After months of silence, al Qaeda’s Amir Ayman Zawahiri reappeared this week with a long diatribe on the state of the global jihad with special emphasis on Syria, Iraq, and Mali. His commentary underscores his central role in the Qaeda movement once again and in providing leadership to the group and its franchises across the Islamic world.

Zawahiri’s latest audio message, his first since last November, runs over a hundred minutes long and was distributed by al Qaeda’s media arm, As Sahab (“In the Clouds”) from his hide-out in Pakistan. It is vintage Zawahiri. He bemoans the fall of the Ottoman caliphate at the end of the First World War and breakup of the Islamic world into 50 or so small states ruled by “traitor rulers” playing the “satanic American program” to benefit the “biggest criminals in Washington, Moscow, and Tel Aviv.” Zawahiri says some of these countries are so small they can only be seen with a microscope on the map and “barely fit the foreign military bases that occupy them,” a likely reference to the American naval base in Bahrain.

Much of his commentary is devoted to attacking France for intervening in Mali this year. Al Qaeda’s North African franchise, al Qaeda in the Islamic Maghreb, had taken control of the northern half of Mali last year and threatened the capital, Bamako, this winter before Paris sent in elite troops and air power to reverse the situation. Al Qaeda has been driven out of the cities like Timbuktu and into the desert, many of its foot soldiers have been killed and some of its top leaders as well. For Zawahiri it is a bitter setback. The stronghold in Mali was to be the centerpiece of a larger Qaeda emirate across the Sahel from Mauretania to Nigeria. He warns the French to expect a quagmire in Mali like “what America was met with in Iraq and Afghanistan.”

Zawahiri lauds the success of al Qaeda in Syria and Iraq in contrast. In Syria, al Qaeda’s franchise, Jabhat al Nusra, has become the fastest-growing Qaeda movement in the world after Zawahiri called upon jihadists from across Islam to go and fight in Syria a year ago. Since then the Qaeda core headquarters in Pakistan has been in close communication with the Nusra front in Syria. Zawahiri also praises the Qaeda organization in Iraq for outlasting the American occupation and for its constant attacks on the Shia government in Baghdad.

In both Syria and Iraq, Zawahiri blames Iran and its ally Hezbollah for supporting the Assad and Maliki governments. He accuses Tehran of secretly colluding with Washington in the invasions of Afghanistan and Iraq. Zawahiri says the “true faces of Iran and Hezbollah have been unmasked” by their opposition to al Qaeda in Syria and Iraq.

Zawahiri pays tribute to the Qaeda franchise in Iraq, the self-styled Islamic State of Iraq, for helping the al Nusra front in Syria get organized. Shortly after Zawahiri’s statement the leader of al Qaeda in Iraq, who uses the nom de guerre Abu Bakr al Baghdadi, publicly claimed credit for helping set up the Qaeda franchise in Syria and announced the two groups had merged into an Islamic State of Iraq and Greater Syria. Al Baghdadi’s statement confirmed what the United States had been saying for months: the al Nusra front is an offshoot of al Qaeda in Iraq.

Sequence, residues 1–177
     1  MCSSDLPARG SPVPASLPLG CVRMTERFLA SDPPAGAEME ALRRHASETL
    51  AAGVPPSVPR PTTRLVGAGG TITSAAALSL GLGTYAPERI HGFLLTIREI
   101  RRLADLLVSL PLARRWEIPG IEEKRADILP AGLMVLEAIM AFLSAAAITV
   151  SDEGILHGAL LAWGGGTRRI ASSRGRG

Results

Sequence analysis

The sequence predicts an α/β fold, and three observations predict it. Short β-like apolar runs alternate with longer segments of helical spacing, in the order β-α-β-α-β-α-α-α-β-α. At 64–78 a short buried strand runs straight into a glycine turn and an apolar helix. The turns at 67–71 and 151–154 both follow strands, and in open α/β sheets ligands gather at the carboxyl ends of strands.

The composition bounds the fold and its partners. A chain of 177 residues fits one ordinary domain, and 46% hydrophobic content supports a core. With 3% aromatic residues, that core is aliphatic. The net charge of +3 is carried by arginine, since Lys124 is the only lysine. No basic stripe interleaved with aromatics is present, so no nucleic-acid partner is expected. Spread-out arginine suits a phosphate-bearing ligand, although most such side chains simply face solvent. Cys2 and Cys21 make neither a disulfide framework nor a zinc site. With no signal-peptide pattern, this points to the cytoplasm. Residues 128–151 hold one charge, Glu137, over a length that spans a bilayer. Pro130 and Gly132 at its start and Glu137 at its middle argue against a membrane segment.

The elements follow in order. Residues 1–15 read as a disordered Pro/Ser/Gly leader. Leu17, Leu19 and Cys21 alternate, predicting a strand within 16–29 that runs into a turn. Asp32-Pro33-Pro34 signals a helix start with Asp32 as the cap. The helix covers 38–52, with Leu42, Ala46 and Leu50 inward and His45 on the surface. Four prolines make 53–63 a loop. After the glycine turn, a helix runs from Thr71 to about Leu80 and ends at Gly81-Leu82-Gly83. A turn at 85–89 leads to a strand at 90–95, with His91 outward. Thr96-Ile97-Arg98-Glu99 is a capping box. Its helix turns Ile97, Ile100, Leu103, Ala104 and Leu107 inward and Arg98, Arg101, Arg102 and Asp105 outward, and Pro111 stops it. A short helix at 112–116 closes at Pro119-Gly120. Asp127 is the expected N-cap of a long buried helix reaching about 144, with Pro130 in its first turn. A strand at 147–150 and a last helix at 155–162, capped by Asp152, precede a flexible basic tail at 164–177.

Next the leader of al Nusra, who calls himself Abu Muhammad al Golani, walked it back a bit. He said he had not been “consulted” on any merger with the Iraqi group, although he was careful not to criticize al Baghdadi and stressed his loyalty to Zawahiri and al Qaeda. The exchange has brought al Nusra out of the closet; it is clearly now part of the Qaeda global jihadist campaign. Al Golani admitted that he had earlier been a fighter in Iraq and was a supporter of the Iraqi franchise but he went out of his way to declare al Nusra’s loyalty is to Zawahiri and the Qaeda core group.

The tempest over al Baghdadi’s comments is likely to pass, and the two Qaeda groups will continue to collaborate closely. Both in Syria and Iraq al Qaeda is growing in numbers and power at a dangerous pace. And with Zawahiri’s encouragement, al Qaeda’s support base across the Islamic world is funneling sympathizers to go to Syria and Iraq to join the fight. In his statement Zawahiri makes clear the end state is creation of a new caliphate across Islam that can lead the struggle to recover Jerusalem for Islam and destroy Israel.

Despite his rambling, Zawahiri’s new statement also underscores his continued centrality to the Qaeda movement as a whole. Often underestimated, the Egyptian leader of al Qaeda provides a strategic leadership role that would probably vanish if he was killed or captured. He smoothly and quickly replaced his predecessor, Osama bin Laden, when the SEALS killed bin Laden in Abbottabad, Pakistan, in 2011. No one challenged him then or challenges him now for leadership of al Qaeda. There is no comparable figure in al Qaeda today serving as Zawahiri’s deputy and heir apparent. Zawahiri has made no effort to groom a successor to lead the global jihad. The lack of a clearly identified number two is a potential vulnerability but only if Ayman’s hideout in Pakistan can be found.